Brennan’s "Cracks" an All-Time High - Food & Beverage Magazine

Brennan’s “Cracks” an All-Time High

We ran the numbers and the James Beard Foundation Award Finalist for Outstanding Restaurant, Brennan’s [New Orleans, Louisiana] with an illustrious 75 years of dining history, goes through 459,640 eggs annually. That’s nearly half a million!

As Easter Sunday [April 17, 2022] approaches, it would be an egg-cellent idea to look to the flagship restaurant of the famous New Orleans family dynasty that pioneered the concept of brunch with Breakfast at Brennan’s. Here, the chefs are eggs-perts in preparing eggs in any and every way possible – sous vide, poached, beaten, scrambled, boiled, or fried sunny side up or down. Executive chef Ryan Hacker presents his innovative new egg dishes, like the Caviar & Custard with White Sturgeon Caviar, Smoked Redfish, and Preserved Lemon on a house-made English Muffin or the Omelette à la Creole with Louisiana Crawfish Tails, Manchego Gremolata, Creole Sauce, alongside the classic signature egg dishes such as Eggs HussardeEggs SardouEggs BenedictEggs Cardinal, and Eggs Nouvelle Orleans. Even the dining tables in the Roost Bar have real eggshells embedded in the table design!

Brennan’s has the history and experience for any egg story – as spring is the time when these ideas could be hatched!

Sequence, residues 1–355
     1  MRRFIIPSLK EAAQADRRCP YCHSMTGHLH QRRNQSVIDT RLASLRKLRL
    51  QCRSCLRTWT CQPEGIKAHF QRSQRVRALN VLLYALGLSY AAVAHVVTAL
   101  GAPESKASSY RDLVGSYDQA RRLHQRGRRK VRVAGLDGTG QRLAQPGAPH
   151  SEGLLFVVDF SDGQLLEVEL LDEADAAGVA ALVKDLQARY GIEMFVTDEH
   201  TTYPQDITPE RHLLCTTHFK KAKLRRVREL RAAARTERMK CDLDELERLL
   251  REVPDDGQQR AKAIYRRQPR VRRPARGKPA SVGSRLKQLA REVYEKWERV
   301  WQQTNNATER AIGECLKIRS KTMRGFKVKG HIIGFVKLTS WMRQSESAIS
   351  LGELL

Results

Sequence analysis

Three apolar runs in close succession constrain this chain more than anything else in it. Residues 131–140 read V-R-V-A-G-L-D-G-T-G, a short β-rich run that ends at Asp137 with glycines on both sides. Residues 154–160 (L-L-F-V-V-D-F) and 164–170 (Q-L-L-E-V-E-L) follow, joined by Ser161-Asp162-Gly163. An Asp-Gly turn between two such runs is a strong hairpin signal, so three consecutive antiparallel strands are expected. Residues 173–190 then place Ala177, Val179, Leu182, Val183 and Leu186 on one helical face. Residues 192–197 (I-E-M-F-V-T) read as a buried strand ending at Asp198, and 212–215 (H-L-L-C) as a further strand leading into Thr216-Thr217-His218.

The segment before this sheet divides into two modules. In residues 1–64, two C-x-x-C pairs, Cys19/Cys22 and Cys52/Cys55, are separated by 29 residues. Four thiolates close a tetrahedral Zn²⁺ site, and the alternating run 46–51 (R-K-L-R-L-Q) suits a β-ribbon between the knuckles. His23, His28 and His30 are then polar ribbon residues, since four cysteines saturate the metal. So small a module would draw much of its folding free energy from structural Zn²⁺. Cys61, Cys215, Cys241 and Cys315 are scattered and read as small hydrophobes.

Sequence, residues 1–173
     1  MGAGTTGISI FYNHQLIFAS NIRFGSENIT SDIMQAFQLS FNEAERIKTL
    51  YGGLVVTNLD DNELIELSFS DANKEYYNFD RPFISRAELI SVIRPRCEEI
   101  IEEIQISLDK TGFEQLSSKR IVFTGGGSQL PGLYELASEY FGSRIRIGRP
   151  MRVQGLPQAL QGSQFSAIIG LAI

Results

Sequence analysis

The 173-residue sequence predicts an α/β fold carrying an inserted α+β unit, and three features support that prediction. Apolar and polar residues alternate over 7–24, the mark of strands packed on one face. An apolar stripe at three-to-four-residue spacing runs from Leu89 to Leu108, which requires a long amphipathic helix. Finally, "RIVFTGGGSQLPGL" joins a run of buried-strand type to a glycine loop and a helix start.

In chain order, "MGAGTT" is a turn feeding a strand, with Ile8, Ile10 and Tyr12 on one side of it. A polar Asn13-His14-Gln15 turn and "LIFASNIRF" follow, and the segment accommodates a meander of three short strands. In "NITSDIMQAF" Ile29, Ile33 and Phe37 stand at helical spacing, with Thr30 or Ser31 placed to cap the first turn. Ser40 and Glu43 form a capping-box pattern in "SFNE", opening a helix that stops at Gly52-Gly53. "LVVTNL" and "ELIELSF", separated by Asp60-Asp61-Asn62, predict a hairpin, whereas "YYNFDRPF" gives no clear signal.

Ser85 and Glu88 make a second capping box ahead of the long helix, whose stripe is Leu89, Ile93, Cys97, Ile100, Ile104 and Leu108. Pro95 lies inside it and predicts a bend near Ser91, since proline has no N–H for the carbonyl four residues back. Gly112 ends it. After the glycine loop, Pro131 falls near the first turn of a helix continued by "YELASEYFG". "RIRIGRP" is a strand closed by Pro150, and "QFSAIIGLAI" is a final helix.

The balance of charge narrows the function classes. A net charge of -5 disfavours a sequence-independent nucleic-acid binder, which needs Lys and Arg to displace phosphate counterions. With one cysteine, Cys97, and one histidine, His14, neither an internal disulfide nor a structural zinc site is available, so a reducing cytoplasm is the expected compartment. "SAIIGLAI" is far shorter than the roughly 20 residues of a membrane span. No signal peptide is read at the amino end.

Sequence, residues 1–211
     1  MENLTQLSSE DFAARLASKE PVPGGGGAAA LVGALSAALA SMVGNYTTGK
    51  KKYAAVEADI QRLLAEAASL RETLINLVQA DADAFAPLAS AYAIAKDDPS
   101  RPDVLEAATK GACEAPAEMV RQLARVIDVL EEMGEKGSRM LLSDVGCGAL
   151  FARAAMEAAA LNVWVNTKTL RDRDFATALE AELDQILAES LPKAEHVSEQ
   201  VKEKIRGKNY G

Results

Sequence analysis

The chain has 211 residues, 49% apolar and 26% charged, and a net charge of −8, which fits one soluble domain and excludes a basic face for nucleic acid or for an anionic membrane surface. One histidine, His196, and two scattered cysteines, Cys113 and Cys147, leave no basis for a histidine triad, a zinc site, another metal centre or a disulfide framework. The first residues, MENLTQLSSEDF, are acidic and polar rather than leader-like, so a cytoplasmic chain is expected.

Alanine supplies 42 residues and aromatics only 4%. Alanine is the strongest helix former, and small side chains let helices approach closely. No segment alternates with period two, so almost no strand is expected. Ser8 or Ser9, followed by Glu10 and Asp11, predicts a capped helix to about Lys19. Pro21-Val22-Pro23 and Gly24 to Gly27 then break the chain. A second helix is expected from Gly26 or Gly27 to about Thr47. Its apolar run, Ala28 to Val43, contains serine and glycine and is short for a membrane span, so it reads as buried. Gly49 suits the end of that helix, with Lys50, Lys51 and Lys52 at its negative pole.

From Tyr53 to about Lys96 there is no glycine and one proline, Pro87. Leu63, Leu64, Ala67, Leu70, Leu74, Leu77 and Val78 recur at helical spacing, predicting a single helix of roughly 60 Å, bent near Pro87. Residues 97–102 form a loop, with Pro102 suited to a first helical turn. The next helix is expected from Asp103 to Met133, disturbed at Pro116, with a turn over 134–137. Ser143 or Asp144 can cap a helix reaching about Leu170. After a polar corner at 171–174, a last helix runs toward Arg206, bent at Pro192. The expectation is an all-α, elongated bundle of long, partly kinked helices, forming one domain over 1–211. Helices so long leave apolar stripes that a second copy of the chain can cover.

Factoid: The Historic Evolution of the Brennan’s Building
The original structure was built in 1795 by Don Vincent Rillieux, the great-grandfather of artist Edgar Degas. It then became the Banque de la Louisiane, the first financial institution established in the Louisiana territory, subsequently known as the Louisiana State Bank. Transformed into a residence in 1820 by Alonzo Murphy, the State Attorney General and a member of Louisiana’s High Court, the elegant edifice was home to his son, world-renowned chess prodigy, Paul Morphy, until 1884. The Morphy Estate donated the building to Tulane University, from which the Brennan family acquired it in 1954. In the years that followed, the iconic pink ‘nest’ hatched the Brennan restaurant dynasty.

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